If we accept the fact that we cannot give away what we don’t have- then we must also accept the idea that until we learn to treasure every part of ourselves, we will not be able to fully love anyone else either. Love must begin within before we can offer it outward.

And for so many of us, loving ourselves, accepting our looks, being at peace with our bodies, embracing our past, treasuring our insecurities and giving up judgement of ourselves is the hardest thing in the world to do! We can encourage others to love themselves but we cannot allow ourselves to do the same.

I know a lot of people that also grew up with spiritual parents. Parents that told them they were wonderful, beautiful and capable of anything- but they never felt worthy of anything inside. I believe that learning to love ourselves- unconditionally- is one of the hardest things we can attempt in life.

My parents could have been Jesus and Mary and it wouldn’t have mattered- until I learned to love myself! I believe that when we put ourselves down- we are putting down the name of God. We are all little sparks of God- little pieces divinely created with love- and we each came here with a dharma to fulfill. If you want to know what your purpose is, you gorgeous little miracle you, then get quiet and thank the part of you that recognizes that you are indeed a little piece of God. A spark of the great oneness. Begin to honor the God-presence within you, and give thanks for being as magnificent as you are.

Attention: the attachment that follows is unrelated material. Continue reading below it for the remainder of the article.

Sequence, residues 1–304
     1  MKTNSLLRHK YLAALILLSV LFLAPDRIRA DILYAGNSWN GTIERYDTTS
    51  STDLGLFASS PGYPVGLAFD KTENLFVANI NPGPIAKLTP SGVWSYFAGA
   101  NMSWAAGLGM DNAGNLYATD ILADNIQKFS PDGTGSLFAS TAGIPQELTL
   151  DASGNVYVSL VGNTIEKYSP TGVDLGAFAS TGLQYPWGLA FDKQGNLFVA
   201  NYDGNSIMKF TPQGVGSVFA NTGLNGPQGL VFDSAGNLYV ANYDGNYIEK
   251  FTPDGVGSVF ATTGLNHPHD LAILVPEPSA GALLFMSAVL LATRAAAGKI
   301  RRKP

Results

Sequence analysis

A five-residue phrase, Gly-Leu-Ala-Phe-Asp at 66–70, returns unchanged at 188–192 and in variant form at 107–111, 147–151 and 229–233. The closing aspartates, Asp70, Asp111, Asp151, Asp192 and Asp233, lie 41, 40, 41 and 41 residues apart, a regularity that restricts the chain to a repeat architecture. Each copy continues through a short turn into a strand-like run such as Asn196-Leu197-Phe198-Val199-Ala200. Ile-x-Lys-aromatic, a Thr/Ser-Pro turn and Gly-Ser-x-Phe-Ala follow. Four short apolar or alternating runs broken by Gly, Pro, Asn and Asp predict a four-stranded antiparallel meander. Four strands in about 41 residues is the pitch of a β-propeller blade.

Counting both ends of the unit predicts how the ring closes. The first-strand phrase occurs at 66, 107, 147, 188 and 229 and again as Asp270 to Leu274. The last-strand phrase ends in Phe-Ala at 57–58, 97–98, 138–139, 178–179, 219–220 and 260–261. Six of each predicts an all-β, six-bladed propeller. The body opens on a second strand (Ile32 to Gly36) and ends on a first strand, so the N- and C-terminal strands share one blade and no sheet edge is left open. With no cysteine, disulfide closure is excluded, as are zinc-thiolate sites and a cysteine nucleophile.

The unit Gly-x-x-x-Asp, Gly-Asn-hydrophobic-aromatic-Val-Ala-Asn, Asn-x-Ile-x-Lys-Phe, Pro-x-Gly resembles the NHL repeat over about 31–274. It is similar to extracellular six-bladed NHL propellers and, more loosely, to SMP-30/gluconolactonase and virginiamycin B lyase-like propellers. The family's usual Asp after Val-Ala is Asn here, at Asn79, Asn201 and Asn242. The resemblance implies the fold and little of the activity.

It was only when I stopped judging myself and tried loving myself that I began to discover that the universe, God, whatever you want to call it, fully supported me in my efforts and I started getting all “green lights” on my path toward discovering just what my dharma was. When I started attempting deep and profound self-love, the kind great parents offer to their children, I started to feel good- I started to find that the right people were showing up at the right places and my life began to feel more on purpose. Since I began the process of self-love and self-acceptance, the right man came into my life. When I started to offer love to myself on the inside, I started to lose the extra weight I was carrying around because I began to realize that I didn’t need food to give me the feeling of being full, I felt full and complete without food or drugs or alcohol.